It's all happening. On Saturday I went along to High Wycombe to see a rehearsal of Silver Birch for the first time. The Garsington Youth Company and some of the Adult Community Chorus were in extremely fine fettle and working their socks off, together with the Garsington music staff, the repetiteur, our director Karen Gillingham, the designer Rhiannon Newman Brown, the Foley team from Shepperton Studios, our producer Kate Laughton and many more. I came back reeling a bit.

I'm a novice librettist. OK, I've put together other words to be sung or acted, but this is the first time I've been involved in a complete, fully staged, top-notch, bells-and-whistles creation of a whole brand-new opera. And of course if you've been going to operas for more than 40 years and writing about them and reviewing them for half of that, you think you know what it takes. Or...er...maybe you don't.

Here's a little of what it's really taking to make this opera, after it's been written. This is leaving aside the devising process, the research, the writing, the composing - more of that another time.

Suzy and Patrick working with the youth company
The singers have to learn their roles. That may sound obvious, but it includes, for Silver Birch, a lot of young people and amateurs, and they have been rehearsing every week since the new year. They've all been auditioned. They had to prepare for those auditions and some who prepared for the auditions would have been rejected and would have been disappointed, and people had to audition them and make those decisions and tell them who was in and who wasn't.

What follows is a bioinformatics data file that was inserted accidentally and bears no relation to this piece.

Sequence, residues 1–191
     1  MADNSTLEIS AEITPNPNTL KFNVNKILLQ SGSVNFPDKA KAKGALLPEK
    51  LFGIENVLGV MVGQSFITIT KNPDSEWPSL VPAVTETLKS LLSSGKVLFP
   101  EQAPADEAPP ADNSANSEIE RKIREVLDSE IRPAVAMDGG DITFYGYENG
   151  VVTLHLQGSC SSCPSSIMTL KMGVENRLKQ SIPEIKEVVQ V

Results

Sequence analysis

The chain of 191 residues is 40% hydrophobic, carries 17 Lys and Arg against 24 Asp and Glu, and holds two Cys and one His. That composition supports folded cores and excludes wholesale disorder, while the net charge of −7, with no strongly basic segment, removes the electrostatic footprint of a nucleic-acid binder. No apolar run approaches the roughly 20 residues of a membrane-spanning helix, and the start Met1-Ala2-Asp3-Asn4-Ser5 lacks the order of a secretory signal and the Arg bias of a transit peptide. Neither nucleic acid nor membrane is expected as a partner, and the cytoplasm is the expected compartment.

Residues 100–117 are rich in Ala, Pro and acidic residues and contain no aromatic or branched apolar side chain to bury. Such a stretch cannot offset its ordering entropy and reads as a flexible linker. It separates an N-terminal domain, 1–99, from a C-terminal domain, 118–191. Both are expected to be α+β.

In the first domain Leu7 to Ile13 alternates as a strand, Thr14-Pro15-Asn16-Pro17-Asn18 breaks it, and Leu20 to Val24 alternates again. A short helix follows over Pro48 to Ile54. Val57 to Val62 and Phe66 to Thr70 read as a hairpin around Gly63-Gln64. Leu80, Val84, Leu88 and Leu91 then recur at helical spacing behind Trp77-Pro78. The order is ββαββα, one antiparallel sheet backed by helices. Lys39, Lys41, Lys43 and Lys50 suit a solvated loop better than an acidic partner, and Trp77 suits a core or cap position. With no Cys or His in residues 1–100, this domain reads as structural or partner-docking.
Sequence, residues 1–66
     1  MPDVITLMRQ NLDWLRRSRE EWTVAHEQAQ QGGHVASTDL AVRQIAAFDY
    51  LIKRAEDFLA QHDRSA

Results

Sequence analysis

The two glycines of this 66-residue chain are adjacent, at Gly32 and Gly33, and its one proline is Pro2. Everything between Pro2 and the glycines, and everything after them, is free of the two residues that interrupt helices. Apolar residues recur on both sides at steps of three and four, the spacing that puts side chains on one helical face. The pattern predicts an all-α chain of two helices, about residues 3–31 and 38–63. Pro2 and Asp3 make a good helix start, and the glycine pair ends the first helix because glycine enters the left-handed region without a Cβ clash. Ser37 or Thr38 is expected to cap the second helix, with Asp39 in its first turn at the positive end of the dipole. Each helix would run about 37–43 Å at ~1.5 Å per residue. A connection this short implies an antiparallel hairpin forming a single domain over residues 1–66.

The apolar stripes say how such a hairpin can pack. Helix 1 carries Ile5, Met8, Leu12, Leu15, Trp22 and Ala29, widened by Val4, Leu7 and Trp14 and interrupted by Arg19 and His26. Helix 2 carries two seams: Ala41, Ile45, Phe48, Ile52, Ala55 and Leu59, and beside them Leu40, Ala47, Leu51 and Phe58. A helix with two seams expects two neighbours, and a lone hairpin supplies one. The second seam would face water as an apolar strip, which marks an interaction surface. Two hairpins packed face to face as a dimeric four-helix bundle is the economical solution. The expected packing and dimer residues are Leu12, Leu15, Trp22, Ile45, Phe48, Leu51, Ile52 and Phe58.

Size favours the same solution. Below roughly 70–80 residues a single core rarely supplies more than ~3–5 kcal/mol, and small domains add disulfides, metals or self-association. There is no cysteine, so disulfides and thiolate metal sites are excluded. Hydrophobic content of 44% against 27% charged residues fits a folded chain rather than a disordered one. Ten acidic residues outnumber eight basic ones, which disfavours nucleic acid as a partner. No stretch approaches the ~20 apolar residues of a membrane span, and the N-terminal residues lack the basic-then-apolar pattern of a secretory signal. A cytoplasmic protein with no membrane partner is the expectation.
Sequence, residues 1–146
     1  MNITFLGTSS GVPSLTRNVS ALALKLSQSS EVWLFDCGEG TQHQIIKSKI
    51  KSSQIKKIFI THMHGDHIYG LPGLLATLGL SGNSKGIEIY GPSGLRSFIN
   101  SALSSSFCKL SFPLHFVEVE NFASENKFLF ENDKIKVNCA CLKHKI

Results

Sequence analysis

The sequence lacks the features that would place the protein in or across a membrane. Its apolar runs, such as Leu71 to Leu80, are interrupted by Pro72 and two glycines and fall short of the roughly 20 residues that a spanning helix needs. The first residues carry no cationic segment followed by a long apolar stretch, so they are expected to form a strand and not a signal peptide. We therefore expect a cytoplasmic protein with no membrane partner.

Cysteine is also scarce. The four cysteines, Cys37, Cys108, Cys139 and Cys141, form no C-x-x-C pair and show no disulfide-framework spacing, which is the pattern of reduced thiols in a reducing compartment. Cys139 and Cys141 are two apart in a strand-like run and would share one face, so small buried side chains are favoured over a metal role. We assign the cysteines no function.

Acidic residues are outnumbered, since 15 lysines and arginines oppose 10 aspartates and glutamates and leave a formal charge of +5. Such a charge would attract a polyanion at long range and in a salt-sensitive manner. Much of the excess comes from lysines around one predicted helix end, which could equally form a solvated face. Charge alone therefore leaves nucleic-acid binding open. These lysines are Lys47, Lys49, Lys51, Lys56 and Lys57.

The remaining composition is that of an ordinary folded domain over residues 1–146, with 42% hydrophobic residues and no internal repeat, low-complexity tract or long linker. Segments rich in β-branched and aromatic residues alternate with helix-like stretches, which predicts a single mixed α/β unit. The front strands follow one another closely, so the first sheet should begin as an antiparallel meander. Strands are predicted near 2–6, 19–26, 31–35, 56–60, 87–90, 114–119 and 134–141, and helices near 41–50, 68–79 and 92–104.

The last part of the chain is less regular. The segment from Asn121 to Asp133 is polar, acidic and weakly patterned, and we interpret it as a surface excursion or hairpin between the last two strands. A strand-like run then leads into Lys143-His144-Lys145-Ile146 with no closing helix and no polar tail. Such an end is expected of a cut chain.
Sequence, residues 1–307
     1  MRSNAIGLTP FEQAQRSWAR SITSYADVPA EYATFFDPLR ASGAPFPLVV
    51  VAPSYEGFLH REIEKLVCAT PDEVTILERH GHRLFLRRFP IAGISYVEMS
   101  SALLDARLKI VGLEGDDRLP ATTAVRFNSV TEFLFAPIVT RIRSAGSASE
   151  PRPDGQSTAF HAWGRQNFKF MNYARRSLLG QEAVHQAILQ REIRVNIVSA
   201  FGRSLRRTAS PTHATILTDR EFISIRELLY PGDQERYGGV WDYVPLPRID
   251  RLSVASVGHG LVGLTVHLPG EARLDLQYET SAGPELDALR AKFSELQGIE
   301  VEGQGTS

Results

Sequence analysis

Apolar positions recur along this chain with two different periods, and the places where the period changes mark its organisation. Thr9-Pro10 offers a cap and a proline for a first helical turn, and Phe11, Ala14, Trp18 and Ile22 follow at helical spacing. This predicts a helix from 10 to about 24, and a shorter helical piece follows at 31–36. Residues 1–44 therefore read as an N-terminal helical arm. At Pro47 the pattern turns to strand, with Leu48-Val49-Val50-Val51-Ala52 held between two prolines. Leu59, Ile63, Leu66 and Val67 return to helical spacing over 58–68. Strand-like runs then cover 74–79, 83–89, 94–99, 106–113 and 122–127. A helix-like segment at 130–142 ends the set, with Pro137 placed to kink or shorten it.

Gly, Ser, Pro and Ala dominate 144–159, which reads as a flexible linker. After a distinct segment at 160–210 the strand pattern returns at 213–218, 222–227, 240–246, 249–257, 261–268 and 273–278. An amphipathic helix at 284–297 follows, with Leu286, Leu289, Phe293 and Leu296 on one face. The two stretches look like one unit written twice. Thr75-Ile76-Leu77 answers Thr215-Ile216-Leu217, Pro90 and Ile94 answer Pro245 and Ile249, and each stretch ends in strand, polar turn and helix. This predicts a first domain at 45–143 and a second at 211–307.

The soloists - whom I haven't yet seen in action - have to get to grips with brand-new roles while also being busy with whatever else they're singing at the moment - for instance, our leading lady, Victoria Simmonds, is currently singing Donna Elvira in Don Giovanni at Opera Holland Park. Our conductor, Garsington's music director Dougie Boyd, has his hands full conducting The Marriage of Figaro. And don't get me started on what language orchestral musicians use while practising, at home, a new work they've never seen or heard before.

The director, Karen, has to map out the drama and then rehearse it all. The choreographer, Natasha, is in charge of a small group of brilliant youngsters who suddenly launch into breakdancing in the middle of the drill scene. Rhiannon has to find a way to make the silver birch tree grow, among much else. During the course of the rehearsal, the adult community chorus members are summoned one by one for costume fittings - someone has to make those costumes.

The adult community chorus members are devoting lashings of time and effort to taking part. One of them happens to be Siegfried Sassoon's great-nephew (he was a great help to me in the background research for the opera) and for much of the time he is standing pretty much next to where Bradley Travis will be portraying Sassoon, or at least his ghostly presence.